In speaking to another Catholic schooler about this piece, he offered his own reflection:

"It will soon be 30 years since I was a student in a Catholic school. When I reflect on the 16 years of learning and growing in classes and activities led by Dominican and Franciscan sisters and Sisters of Charity of Leavenworth, Jesuits and dedicated lay teachers, I become increasingly aware of how Catholic education's intellectual, social and spiritual elements have influenced and continue to influence my life. Intellectually, Catholic education not only provided me with a solid foundation for lifelong learning, it fostered in me a desire for it. Socially, it reinforced one of my parents' basic expectations, to always be respectful of others.

"And spiritually, it nourished the development of my most important personal resource, my faith and love of God and the Catholic church. My faith provides me with the quiet, yet constant confidence that God and my church are always with me. It is my belief that Catholic education, helped develop my whole person. Thus, my life is fuller and holds significantly more meaning than had I not spent 16 years in Catholic schools."

I share those feelings. My 16 years in a Catholic school were but a prelude to my life's work. Fr. Andrew Greeley, in reflecting on the nature of story, wrote that "stories are as essential to life as oxygen;" that we need stories to "put order into the confusion."

I would like to show you one more photograph. Don't look for me in it, although I hope I'm there. This is a composite picture of hundreds of teenagers; I'd like you to look at their faces and see in many of them the beauty of recognition in Jane Eyre, the hopefulness of reconciliation in To The Lighthouse, the sudden understanding of the nature of redemption in Crime and Punishment. Another may just have become aware of the God-likeness of Lucky in Waiting for Godot (and, sadly, how easy it is to miss), or of Capote's search for spirituality in Music for Chameleons. Whatever piece of literature touched them, each face registers a new awareness of self and world. Greeley goes further to say that every storyteller is a theologian, and every story is about God. I know that is true of the literature I teach, and I think it is true of my story as well. If God is the ultimate meaning, as indeed God is, and stories help us make meaning of our lives and universe, then every story is truly a "God story."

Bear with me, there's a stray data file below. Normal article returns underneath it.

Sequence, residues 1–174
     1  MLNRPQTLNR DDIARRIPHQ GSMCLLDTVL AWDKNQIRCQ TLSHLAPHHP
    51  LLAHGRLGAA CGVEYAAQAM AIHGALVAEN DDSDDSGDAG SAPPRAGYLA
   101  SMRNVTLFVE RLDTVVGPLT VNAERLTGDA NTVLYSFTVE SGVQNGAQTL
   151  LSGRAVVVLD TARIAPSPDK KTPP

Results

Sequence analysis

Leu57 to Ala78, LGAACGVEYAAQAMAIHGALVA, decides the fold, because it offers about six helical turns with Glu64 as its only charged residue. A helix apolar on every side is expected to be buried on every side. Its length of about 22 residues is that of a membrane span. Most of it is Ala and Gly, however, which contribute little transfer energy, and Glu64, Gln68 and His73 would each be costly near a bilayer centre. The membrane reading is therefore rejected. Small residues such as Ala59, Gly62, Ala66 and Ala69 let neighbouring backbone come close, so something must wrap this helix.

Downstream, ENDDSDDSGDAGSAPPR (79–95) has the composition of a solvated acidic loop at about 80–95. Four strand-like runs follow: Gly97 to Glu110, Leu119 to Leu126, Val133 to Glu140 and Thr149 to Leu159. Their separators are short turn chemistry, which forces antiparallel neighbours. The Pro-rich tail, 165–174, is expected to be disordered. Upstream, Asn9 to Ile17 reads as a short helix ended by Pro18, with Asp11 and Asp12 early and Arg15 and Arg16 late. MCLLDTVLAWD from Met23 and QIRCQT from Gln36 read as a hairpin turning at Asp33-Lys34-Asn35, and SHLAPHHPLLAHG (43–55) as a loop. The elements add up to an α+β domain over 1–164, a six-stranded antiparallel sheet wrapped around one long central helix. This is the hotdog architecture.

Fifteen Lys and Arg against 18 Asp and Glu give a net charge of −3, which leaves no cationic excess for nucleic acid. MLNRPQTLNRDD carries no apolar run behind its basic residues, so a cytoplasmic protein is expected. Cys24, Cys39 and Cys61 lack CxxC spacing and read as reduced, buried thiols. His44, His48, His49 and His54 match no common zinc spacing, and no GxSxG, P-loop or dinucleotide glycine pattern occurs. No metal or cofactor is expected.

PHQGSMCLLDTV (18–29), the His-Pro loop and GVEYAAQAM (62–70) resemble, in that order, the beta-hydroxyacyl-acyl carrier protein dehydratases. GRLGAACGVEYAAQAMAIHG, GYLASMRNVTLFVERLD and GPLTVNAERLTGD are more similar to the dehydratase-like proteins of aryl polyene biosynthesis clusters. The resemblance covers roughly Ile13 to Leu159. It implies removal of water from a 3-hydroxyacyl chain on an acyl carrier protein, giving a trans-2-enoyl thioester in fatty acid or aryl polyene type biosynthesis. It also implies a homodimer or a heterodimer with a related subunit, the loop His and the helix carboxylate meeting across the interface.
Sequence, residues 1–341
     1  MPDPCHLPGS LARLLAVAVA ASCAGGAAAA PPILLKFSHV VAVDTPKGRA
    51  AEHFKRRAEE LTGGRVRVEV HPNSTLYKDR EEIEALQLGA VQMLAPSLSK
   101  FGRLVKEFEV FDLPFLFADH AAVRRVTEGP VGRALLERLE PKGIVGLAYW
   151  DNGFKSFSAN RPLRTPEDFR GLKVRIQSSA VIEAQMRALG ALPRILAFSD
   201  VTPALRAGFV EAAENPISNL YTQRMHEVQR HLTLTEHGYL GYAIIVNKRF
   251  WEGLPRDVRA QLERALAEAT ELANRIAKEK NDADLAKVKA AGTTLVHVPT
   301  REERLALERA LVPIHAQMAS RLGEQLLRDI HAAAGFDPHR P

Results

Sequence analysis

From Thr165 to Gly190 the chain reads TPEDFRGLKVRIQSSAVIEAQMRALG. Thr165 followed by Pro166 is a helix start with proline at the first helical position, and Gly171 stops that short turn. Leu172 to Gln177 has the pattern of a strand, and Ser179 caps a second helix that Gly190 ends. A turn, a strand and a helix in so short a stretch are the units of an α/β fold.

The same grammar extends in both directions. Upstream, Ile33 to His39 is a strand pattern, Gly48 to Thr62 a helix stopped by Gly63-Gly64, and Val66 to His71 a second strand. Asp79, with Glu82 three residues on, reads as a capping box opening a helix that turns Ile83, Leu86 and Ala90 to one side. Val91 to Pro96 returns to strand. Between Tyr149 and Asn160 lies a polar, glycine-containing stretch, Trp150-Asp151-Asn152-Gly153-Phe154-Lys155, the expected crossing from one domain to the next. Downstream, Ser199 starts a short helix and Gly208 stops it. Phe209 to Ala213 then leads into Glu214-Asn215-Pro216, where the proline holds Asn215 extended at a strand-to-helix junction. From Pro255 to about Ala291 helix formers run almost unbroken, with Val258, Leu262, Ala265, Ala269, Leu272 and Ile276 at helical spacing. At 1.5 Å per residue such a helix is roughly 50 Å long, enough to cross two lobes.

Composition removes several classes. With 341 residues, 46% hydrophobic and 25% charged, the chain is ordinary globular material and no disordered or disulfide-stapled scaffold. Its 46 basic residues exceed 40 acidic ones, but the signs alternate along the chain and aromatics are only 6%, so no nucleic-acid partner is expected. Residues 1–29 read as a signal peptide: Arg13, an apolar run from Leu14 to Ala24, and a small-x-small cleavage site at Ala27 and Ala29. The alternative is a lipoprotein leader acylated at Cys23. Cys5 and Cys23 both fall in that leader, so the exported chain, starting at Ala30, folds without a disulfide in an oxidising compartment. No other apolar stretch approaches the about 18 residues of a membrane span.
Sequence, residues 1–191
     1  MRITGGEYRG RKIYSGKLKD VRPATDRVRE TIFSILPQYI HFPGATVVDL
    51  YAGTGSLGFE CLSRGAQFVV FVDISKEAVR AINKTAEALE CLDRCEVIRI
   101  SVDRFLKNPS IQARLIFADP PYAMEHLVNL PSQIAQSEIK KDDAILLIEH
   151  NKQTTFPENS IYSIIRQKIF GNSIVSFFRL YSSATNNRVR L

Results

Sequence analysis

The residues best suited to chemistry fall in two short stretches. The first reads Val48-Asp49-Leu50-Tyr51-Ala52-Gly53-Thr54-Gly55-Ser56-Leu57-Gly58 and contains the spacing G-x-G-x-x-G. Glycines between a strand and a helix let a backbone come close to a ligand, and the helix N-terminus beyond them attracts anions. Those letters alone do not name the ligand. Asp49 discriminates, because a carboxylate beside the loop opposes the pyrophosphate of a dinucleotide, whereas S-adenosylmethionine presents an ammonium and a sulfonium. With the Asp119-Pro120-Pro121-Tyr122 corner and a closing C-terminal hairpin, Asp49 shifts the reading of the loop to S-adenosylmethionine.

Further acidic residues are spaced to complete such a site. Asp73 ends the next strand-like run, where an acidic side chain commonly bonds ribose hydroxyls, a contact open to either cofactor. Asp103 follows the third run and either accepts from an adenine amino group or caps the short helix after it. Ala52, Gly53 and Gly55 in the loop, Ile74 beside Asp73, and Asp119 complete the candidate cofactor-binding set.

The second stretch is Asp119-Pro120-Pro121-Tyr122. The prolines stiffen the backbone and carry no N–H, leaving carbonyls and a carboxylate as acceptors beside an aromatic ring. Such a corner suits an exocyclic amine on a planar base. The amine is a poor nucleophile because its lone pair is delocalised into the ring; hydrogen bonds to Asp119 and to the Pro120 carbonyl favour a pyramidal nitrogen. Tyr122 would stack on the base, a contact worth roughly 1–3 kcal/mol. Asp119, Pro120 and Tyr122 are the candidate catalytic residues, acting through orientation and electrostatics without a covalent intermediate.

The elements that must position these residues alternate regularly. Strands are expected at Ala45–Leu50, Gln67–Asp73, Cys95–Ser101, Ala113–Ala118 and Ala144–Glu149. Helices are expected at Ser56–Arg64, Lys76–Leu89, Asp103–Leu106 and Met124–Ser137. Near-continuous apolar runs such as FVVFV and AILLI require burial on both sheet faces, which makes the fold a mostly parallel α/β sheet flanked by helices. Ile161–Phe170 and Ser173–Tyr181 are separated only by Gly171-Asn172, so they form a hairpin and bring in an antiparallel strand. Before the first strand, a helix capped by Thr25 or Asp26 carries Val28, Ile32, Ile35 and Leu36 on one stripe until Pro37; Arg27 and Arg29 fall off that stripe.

By teaching in a Catholic school, I can reference that truth. I may speak of the Divine. I must draw on the totality of my experience as a lifelong Catholic layperson from my living litany days to my Ash Wednesday homily. That's why I think I'm in this final picture, even if you can't see me.

Some conventional wisdom holds that teachers don't teach subjects, they teach themselves. I have been steeped, stretched, shaped and molded by Catholic schools. This is who I am. This is what I teach.

As Toni Morrison wrote in Song of Solomon, "Pass it on."

Judith Bromberg teaches literature and serves as a counselor at Notre Dame de Sion High School in Kansas City, Mo. Her book reviews appear regularly in NCR.
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Title Annotation:Catholic Education
Author:Bromberg, Judith
Publication:National Catholic Reporter
Article Type:Cover Story
Date:Mar 27, 1998